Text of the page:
Another culture’s daily bread

Virgina Zantow

Diane Brown, junior in chemical engineering, describes her life growing up in Iowa as many ISU students would: “Surrounded by corn and soybeans.” Unlike most students, however, she had the chance to see corn from another country’s point of view.

That is, she had the chance to see corn, or maize, from Mexico’s point of view, while also studying wheat, another staple crop.

Brown was just awarded the Ahmanson Intern Award at the World Food Prize Laureate Award Ceremony on Oct. 18 for her research in Mexico over summer 2006.

She was one of 12 Borlaug-Ruan interns in summer 2006, participating in a World Food Prize Organization youth program after she graduated from high school.

The recent honor was exciting for Brown because it showed that her work was meaningful to others, she said.

“The experience [of the internship] was more than enough,” Brown said. “It was very important to me, but it was kind of exciting to see that it was important to other people, too.”

The Ahmanson Intern Award is given to one Borlaug-Ruan intern each year for contributing to awareness of world food security problems, according to the World Food Prize Organization’s Web site.

Brown’s actual work in Mexico consisted of analyzing DNA samples of wheat stored in a gene bank used to study and develop different breeds of maize and wheat, according to a paper Brown wrote after her project.

Brown worked for the International Maize and Wheat Improvement Center in Mexico, or CIMMYT, Centro Internacional de Mejoramiento de Maiz y Trigo.

Emma Flemmig, junior in agronomy, was awarded the Ahmanson Intern Award in 2006 for her work as a Borlaug-Ruan intern at CIMMYT.

Flemmig said she would advise other students to try to understand science issues because of their important connection with broader social issues.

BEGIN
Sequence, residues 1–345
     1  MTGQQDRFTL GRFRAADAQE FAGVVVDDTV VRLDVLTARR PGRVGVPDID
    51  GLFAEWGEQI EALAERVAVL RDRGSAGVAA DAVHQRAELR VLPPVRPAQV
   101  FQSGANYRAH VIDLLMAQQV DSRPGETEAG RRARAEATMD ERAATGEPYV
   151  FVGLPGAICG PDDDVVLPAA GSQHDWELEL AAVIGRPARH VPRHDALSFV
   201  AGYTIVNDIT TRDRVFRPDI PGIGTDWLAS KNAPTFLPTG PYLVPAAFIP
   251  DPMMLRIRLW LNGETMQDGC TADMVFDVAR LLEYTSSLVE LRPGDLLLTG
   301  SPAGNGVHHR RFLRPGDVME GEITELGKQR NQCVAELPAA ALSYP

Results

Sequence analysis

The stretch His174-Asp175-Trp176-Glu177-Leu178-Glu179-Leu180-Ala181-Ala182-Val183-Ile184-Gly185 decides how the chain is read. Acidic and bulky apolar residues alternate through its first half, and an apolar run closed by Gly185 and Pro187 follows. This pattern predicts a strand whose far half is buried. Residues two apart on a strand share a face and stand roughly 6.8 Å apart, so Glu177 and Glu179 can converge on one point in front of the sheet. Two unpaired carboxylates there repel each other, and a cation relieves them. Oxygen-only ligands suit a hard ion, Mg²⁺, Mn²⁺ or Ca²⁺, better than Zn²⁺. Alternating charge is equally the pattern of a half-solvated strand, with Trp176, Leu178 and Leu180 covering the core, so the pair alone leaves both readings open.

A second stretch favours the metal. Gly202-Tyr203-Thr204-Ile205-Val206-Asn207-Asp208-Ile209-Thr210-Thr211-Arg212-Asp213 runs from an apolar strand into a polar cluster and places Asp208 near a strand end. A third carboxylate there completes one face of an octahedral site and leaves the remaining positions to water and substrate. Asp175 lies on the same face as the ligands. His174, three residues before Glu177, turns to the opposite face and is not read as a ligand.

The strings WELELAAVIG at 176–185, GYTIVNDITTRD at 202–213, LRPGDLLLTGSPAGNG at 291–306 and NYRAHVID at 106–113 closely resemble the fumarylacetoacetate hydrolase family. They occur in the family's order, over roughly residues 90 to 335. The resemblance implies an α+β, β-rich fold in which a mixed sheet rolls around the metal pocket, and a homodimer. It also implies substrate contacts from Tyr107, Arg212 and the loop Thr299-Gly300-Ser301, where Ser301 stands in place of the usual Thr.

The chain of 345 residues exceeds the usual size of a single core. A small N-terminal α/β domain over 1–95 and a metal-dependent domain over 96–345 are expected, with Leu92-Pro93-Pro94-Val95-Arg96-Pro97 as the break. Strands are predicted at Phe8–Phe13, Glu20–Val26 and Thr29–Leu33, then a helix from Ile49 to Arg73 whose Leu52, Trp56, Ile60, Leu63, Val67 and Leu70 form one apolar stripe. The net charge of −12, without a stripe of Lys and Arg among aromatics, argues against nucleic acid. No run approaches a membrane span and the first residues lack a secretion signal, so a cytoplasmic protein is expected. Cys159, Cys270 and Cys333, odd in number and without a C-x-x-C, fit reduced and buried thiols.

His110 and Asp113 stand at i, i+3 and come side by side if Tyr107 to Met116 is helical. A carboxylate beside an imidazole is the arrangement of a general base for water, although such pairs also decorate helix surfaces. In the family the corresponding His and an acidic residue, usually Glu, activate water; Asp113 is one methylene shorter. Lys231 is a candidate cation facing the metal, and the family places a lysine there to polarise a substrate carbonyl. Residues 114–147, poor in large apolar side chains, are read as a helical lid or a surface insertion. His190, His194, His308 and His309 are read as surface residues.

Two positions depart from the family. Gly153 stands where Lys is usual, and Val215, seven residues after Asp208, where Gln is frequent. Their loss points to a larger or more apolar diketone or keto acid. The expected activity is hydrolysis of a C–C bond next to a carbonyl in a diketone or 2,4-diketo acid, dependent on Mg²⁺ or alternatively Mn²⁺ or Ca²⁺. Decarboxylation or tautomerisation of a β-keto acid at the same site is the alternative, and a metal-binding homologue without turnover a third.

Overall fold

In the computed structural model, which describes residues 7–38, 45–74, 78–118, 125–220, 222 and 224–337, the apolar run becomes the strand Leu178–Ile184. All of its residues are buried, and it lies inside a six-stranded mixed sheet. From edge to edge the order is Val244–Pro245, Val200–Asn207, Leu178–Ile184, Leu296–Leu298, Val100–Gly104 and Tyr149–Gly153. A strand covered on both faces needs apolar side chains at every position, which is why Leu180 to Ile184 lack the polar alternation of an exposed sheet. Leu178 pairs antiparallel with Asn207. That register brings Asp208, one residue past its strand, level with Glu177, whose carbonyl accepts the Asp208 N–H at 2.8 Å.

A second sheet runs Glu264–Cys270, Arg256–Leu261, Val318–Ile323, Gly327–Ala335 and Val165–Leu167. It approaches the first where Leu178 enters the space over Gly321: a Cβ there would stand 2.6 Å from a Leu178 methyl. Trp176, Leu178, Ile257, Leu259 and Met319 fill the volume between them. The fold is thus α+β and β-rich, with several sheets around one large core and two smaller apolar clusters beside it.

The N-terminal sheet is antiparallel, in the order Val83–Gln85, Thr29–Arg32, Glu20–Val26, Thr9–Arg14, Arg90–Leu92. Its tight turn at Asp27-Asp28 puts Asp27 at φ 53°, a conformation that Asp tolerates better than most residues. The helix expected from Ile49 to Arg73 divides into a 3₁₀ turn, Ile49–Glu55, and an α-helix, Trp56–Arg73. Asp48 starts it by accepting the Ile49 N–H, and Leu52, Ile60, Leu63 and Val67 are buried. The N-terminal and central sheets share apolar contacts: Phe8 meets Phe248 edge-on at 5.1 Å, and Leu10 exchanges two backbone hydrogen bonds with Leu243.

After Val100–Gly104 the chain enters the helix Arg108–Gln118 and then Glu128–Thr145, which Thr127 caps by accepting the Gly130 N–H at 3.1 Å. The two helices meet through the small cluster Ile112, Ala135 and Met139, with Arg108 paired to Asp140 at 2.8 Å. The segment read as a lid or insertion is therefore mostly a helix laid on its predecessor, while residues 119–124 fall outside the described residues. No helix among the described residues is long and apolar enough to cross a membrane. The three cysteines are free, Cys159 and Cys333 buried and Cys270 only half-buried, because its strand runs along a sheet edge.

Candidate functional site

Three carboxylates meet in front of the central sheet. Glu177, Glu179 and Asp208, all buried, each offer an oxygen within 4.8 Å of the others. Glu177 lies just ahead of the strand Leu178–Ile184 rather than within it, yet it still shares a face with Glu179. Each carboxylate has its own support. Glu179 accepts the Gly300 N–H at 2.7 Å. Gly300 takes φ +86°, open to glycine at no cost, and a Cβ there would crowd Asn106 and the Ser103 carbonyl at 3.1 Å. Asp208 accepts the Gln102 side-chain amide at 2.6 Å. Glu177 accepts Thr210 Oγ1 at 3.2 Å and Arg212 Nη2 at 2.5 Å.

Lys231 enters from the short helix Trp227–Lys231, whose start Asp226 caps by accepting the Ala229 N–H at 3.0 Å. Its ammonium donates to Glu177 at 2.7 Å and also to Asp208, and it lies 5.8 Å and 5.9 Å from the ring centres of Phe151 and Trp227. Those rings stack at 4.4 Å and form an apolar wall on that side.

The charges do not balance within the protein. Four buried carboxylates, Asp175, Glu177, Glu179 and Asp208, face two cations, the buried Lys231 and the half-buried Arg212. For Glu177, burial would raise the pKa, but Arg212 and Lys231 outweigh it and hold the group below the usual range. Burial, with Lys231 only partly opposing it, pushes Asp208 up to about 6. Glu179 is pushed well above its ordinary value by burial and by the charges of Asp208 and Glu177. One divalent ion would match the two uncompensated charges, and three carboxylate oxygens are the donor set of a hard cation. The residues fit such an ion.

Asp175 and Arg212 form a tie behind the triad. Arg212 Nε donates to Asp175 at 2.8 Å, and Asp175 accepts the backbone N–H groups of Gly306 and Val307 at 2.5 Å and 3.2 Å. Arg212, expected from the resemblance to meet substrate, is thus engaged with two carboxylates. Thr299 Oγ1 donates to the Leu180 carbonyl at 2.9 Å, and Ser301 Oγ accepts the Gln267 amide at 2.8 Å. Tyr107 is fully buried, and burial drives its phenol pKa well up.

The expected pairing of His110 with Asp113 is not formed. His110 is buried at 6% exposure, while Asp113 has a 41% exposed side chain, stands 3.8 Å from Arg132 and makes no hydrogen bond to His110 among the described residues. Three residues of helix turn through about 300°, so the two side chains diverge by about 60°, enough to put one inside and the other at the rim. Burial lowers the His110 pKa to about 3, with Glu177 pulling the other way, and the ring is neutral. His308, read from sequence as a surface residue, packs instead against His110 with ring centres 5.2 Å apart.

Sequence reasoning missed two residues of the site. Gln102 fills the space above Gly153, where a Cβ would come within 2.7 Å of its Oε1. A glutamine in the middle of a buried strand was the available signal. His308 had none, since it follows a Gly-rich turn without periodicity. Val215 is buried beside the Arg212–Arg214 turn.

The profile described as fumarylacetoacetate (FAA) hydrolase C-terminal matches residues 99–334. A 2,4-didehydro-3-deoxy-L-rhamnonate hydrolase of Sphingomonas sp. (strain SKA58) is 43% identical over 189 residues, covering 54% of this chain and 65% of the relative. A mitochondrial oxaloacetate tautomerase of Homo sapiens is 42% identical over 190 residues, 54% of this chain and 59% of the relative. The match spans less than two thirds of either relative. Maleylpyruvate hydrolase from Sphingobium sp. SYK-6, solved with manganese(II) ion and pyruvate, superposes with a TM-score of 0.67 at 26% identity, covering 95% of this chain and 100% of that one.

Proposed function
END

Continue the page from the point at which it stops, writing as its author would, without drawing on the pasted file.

In the same way, Flemmig said it was important for the scientific community to understand the culture they work in.

“A lot of times, [scientific development] is taken out of cultural context, and that’s unsuccessful,” she said.

A vivid memory Brown said she retained from her time in Mexico is from a field visit when she asked Mexican resident Antonino Sebastian Gutierrez, a Pioneer Hi-Bred International worker, why Mexico struggled so much with its crops, when such a plethora of good technology is available to them.

“‘To a farmer in Mexico, maize is important as God,'” Brown said Gutierrez told her. “‘[Mexicans] depend upon it, they rely upon it, and it’s part of their daily lives.'”

Because of this deep cultural importance, Brown said, Mexicans are resistant to change. The importance of communication between scientists and farmers became clear to Brown.

Along with a deepened understanding of sustainability issues, and the technical skills she acquired doing research, Brown said she gained the ability to adapt to a new, challenging environment.

“I was really fortunate to have [another] internship last summer,” Brown said, citing her ability to adapt to a new situation as helpful to her second internship.

Since Brown learned a good deal about food security issues in Mexico as part of her internship, she came away with an increased ability to understand underlying causes of food security.

To other students who are interested in food security and sustainability, Brown recommended taking seminars and classes related to these issues on campus, which she said she has found helpful.